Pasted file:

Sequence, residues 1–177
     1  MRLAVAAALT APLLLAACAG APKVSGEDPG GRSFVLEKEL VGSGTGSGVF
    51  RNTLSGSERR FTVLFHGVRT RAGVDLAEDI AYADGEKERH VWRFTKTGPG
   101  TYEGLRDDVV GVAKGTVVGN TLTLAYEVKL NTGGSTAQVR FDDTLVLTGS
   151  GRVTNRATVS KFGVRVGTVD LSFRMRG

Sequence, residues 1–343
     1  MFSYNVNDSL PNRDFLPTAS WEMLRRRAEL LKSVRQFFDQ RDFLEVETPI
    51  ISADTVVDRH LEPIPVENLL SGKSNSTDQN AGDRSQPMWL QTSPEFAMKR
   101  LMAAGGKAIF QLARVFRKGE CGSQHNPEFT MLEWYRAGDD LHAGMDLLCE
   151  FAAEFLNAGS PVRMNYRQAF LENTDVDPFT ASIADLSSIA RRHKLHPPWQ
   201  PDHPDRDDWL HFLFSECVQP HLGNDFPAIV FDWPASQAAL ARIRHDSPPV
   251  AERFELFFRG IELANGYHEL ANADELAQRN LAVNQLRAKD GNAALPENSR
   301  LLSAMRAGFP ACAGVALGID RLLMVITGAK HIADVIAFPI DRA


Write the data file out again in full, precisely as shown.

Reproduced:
Sequence, residues 1–177
     1  MRLAVAAALT APLLLAACAG APKVSGEDPG GRSFVLEKEL VGSGTGSGVF
    51  RNTLSGSERR FTVLFHGVRT RAGVDLAEDI AYADGEKERH VWRFTKTGPG
   101  TYEGLRDDVV GVAKGTVVGN TLTLAYEVKL NTGGSTAQVR FDDTLVLTGS
   151  GRVTNRATVS KFGVRVGTVD LSFRMRG

Sequence, residues 1–343
     1  MFSYNVNDSL PNRDFLPTAS WEMLRRRAEL LKSVRQFFDQ RDFLEVETPI
    51  ISADTVVDRH LEPIPVENLL SGKSNSTDQN AGDRSQPMWL QTSPEFAMKR
   101  LMAAGGKAIF QLARVFRKGE CGSQHNPEFT MLEWYRAGDD LHAGMDLLCE
   151  FAAEFLNAGS PVRMNYRQAF LENTDVDPFT ASIADLSSIA RRHKLHPPWQ
   201  PDHPDRDDWL HFLFSECVQP HLGNDFPAIV FDWPASQAAL ARIRHDSPPV
   251  AERFELFFRG IELANGYHEL ANADELAQRN LAVNQLRAKD GNAALPENSR
   301  LLSAMRAGFP ACAGVALGID RLLMVITGAK HIADVIAFPI DRA